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Read dangerously this Banned Books Week (and Beyond)!

Our friends at the American Library Association have set aside the last week of September each year as Banned Books Week, a celebration that “brings together the entire book community—librarians, booksellers, publishers, journalists, teachers, and readers of all types—in shared support of the freedom to seek and to express ideas, even those some consider unorthodox or unpopular.”

We’re celebrating by doing what we’ve done for decades: reading, engaging with, and publishing exciting books, even when the fearful and smaller-minded may prefer to declare them off-limits. The reasons for book bans vary: both Yan Lianke and the pseudonymous Bandi are banned by repressive governments — those of China and North Korea, respectively — that fear open expression of many kinds. In other cases, the reasoning may not be clear at all — besides a patina of intellectual “danger,” it’s anyone’s guess why Samuel Beckett’s epochal Waiting for Godot has been officially banned from the U.S. detention camp at Guantanamo Bay, Cuba. In 1961, when we published the first U.S. edition of Henry Miller’s now-revered Tropic of Cancer, which the author notoriously called “my scrofulous French novel on grey paper with blunt type,” we were sued more than sixty times. Our then-publisher, Barney Rosset (aptly remembered as, among other things, a tireless and fearless anti-censorship crusader) even faced criminal charges for conspiracy. First Amendment lawyer Charles Rembar headed the legal response, described by writer Felice Flanery Lewis as “a massive effort to assist every bookseller prosecuted, regardless of whether there was a legal obligation to do so,” and free speech ultimately prevailed in the courtroom, setting a precedent that has endured.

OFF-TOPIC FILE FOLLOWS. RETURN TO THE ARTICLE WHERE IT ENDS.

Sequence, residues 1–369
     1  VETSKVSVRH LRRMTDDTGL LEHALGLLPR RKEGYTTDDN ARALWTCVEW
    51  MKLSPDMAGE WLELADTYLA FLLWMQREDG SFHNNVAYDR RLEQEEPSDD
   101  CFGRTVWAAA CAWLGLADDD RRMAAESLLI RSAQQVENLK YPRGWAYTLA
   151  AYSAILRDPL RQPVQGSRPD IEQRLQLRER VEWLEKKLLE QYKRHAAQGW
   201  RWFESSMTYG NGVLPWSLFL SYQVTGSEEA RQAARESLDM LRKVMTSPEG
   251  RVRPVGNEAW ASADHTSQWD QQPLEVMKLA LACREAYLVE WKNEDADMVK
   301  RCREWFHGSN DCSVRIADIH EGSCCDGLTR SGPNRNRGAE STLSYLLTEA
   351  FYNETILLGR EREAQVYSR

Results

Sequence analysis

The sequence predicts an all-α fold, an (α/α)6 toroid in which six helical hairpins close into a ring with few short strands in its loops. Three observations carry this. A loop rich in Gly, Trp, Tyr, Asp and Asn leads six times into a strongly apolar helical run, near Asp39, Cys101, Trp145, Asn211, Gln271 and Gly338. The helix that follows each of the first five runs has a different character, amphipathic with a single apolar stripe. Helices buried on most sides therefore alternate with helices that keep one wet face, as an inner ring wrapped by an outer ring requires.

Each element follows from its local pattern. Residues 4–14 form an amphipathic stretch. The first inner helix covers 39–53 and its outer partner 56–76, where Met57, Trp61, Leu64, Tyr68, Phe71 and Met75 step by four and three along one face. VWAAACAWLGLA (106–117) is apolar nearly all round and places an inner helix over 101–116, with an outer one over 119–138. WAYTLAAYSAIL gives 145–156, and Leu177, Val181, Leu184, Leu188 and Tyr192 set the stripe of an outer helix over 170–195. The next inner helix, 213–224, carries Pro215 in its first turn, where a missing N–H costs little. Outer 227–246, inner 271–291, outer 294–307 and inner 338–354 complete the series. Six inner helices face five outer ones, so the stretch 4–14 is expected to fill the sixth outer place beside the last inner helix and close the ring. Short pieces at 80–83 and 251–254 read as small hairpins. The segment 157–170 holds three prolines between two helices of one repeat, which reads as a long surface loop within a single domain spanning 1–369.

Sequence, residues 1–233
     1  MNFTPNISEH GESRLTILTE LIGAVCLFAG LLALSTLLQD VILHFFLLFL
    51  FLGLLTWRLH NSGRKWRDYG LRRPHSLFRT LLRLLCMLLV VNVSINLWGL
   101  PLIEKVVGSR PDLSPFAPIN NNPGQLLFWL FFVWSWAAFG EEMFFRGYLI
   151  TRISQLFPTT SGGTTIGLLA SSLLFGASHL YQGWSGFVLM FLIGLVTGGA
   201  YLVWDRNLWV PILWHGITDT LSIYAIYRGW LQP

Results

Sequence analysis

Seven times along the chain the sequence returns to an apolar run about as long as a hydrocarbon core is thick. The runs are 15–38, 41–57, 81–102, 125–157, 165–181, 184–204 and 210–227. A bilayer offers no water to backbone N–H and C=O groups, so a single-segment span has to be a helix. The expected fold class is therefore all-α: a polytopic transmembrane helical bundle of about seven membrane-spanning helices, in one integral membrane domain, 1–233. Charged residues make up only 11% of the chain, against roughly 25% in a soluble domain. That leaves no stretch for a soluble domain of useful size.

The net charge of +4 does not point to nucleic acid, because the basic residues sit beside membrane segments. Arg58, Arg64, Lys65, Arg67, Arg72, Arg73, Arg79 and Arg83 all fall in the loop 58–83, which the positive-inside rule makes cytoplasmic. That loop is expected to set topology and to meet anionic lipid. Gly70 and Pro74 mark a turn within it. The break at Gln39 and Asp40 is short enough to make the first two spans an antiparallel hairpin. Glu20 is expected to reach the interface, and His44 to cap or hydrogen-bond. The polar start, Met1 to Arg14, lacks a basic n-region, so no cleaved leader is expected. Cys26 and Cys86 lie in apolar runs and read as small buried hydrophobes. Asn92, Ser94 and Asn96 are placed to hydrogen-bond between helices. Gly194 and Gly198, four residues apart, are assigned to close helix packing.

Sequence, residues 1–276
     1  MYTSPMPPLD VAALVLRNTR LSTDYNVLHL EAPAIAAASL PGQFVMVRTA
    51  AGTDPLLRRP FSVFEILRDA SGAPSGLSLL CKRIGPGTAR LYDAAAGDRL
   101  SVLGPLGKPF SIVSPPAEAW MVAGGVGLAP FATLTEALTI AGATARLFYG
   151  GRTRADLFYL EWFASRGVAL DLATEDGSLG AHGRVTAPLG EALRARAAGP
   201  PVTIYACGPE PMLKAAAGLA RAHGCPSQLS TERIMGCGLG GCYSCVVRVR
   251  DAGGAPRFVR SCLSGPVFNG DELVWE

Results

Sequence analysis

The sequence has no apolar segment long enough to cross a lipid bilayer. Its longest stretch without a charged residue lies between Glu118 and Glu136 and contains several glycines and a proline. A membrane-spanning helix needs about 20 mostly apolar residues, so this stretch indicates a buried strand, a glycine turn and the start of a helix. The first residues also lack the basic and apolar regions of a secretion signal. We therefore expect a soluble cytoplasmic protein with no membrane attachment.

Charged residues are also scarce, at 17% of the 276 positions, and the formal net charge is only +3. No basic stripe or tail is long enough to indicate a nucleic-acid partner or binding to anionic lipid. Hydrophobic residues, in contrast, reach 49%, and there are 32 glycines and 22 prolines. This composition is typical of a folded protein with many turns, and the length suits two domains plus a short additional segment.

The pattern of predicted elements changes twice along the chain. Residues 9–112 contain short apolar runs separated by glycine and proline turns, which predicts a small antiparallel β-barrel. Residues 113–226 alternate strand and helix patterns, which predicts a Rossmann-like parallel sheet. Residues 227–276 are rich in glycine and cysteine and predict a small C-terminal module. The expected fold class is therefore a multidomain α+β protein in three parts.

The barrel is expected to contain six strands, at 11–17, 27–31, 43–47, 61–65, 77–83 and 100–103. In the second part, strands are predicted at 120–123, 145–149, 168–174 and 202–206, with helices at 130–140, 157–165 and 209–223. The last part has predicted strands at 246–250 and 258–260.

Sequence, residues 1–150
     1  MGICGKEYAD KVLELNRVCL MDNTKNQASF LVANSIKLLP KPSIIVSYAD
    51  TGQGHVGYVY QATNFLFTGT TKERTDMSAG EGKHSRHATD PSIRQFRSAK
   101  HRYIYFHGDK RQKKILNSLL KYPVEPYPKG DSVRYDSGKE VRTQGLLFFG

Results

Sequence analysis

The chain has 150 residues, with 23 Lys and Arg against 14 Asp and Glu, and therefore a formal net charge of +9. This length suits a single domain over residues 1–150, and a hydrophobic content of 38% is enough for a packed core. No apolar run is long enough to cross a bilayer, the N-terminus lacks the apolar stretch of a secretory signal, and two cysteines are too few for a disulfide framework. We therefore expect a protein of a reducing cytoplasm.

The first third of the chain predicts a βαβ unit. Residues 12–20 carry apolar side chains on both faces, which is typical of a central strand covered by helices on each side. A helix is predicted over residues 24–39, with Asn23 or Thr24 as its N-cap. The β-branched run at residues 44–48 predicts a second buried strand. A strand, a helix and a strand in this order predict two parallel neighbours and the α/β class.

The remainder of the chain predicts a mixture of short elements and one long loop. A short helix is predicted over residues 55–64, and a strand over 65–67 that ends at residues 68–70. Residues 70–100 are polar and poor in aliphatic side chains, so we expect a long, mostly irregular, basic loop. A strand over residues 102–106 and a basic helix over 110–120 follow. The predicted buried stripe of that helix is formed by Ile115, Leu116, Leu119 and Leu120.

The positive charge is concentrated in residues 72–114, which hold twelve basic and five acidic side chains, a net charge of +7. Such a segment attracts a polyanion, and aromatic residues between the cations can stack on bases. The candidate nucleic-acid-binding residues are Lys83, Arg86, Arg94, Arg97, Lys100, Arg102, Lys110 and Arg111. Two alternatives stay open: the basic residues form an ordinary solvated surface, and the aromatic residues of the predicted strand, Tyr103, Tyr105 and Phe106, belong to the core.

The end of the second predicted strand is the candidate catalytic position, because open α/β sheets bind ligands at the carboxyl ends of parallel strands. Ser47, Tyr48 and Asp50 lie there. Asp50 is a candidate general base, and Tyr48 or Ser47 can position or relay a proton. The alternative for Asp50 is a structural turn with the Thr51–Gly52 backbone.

As a publisher, we’ve got banned books in our DNA. For 2022, here are a few of the challenged titles we’ve been enjoying:

Querelle by Jean Genet (translated from the French by Anselm Hollo)

Querelle is regarded by many critics as Jean Genet’s highest achievement in the novel–certainly one of the landmarks of postwar French literature. The story of a dangerous man seduced by danger, it deals in a startling way with the Dostoevskian theme of murder as an act of total liberation, and as a pact demanding an answering sacrifice.

“The purest and most austere enactment of those romantic situations that Genet’s envy of handsome young men caused him to return to again and again.”—Edmund White



Blood and Guts in High School by Kathy Acker

A masterpiece of surrealist fiction, steeped in controversy upon its first publication in 1984, Blood and Guts in High School is the book that established Kathy Acker as the preeminent voice of post-punk feminism. Fantastical, sensual, and fearlessly radical, this hallucinatory collage is both a comic and tragic portrait of erotic awakening.

“No writer I know is more audacious than Kathy Acker, whose anarchic wit drives a thoroughgoing attack on conventions and complacencies of all sorts. Not unlike Gertrude Stein in her day, Acker gives us a different way to look at the uses to which language is put.” —Lynne Tillman



Waiting for Godot by Samuel Beckett (who also translated it from the French)

From an inauspicious beginning at the tiny Left Bank Théâtre de Babylone in 1953, followed by bewilderment among American and British audiences, Waiting for Godot has become one of the most important and enigmatic plays of the past fifty years and a cornerstone of twentieth-century drama. As Clive Barnes wrote, “Time catches up with genius. . . .  Waiting for Godot is one of the masterpieces of the [twentieth] century.”